No Comments! All of the comments posted seems helpful, I have no schooling, in medical coding and billing, but have over 20 years experience and is very much interested in becoming AAPC or AHIMA.

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HIM-in-Berkeley in Sunnyvale, California

81 months ago

I am in the process of switching from a nonhealthcare profession to HIM. I plan to enroll in the graduate HIM certificate progam at Oregon Health Science University in the fall. Currently I am taking A&P, after that IDC 1 & 2, and CPT 1 & 2 with AHIMA; all are prereqs to enroll in the program at OHSU. As I have no experience in healthcare would it be advantageous for me to get the CCS credential enroute to RHIA to get a job in the field? Like others on the forum have stated, experience seems to be the biggest hurdle in landing a job. Thanks

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Vanessa in Bronx, New York

81 months ago

I believe AHIMA is the way to go regarding classes. $14,500 with a college is way too high. It you get a loan whether or not you get a job you have to repay the loan. AHIMA is way cheaper than the colle.

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Bella in Oak Park, Michigan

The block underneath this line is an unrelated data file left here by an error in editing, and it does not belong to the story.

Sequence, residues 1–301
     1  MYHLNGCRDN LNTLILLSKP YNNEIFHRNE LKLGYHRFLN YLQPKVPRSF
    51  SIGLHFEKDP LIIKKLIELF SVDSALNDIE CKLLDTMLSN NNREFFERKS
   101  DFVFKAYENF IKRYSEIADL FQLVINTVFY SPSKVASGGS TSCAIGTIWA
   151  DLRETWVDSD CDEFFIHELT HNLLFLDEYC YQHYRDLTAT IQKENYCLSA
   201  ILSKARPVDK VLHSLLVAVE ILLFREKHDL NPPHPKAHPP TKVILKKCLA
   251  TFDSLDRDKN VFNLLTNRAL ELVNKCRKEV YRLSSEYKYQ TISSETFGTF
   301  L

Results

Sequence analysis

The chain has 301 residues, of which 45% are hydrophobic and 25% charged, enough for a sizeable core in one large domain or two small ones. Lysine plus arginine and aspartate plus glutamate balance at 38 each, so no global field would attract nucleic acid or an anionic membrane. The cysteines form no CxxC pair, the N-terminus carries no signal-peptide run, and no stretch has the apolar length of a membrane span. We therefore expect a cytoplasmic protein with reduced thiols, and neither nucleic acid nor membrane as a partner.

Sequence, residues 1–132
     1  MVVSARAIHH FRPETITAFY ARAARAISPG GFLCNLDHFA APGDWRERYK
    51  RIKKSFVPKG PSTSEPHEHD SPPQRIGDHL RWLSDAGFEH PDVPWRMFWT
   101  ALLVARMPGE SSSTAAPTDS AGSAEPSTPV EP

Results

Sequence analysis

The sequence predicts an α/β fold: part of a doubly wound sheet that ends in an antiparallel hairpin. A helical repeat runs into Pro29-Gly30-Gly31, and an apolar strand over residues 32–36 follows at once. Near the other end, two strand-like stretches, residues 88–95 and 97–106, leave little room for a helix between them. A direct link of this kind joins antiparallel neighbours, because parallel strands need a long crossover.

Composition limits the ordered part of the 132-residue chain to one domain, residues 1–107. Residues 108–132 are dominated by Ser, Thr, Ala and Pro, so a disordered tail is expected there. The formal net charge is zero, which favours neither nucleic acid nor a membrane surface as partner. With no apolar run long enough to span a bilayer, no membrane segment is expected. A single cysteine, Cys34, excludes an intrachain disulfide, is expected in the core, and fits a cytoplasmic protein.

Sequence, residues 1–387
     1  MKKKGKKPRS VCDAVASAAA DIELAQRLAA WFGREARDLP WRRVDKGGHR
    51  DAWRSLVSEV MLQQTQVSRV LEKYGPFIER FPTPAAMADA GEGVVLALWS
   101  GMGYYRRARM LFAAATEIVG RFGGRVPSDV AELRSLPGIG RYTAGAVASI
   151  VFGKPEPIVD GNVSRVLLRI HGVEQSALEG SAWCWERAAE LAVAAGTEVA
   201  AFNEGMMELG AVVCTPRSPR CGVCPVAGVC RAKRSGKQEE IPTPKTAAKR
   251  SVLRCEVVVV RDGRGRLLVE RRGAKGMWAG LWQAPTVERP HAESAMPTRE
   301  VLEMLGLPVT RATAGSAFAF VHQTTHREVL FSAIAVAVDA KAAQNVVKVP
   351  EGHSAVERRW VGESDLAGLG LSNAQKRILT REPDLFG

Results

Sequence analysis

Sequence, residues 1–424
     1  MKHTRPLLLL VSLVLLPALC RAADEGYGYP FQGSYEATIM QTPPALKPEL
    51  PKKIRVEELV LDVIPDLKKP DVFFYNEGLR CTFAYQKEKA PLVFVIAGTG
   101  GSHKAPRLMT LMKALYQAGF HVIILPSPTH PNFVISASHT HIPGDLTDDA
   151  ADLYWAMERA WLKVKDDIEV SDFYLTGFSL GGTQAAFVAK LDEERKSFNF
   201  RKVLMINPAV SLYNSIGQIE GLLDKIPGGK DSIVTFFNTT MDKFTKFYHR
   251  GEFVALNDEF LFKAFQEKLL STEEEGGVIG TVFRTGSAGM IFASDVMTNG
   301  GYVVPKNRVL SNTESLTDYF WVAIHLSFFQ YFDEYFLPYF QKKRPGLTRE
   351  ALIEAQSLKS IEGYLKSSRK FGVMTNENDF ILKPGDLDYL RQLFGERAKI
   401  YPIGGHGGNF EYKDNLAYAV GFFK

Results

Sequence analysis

81 months ago

Does anybody found a job after taking Medical Billing and Coding classes at Everest Institute in Michigan? I am comparing this school with others in Metro Detroit area. Its not too many. If you graduated from Dorsey School or Canegie Institute, please share you experience.

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Rita in Southington, Connecticut

80 months ago

Annie in Millington, Michigan said: Oh, and I am pretty pro- AHIMA , but I wouldn't go for the CCA credential IMO. I don't think a lot of employers recgonize it and it is equal to or lower proficiency than the CPC. (Again, IMO, I'm sure there are areas that differ.) I do think the CCS is worth shooting for, though I've heard it is pretty hard.

I just took the CPC and passed, and after two years of school I found it extremely easy. But I am afraid of the CCS exam ! We did the prep books in my coding internship and they were so hard.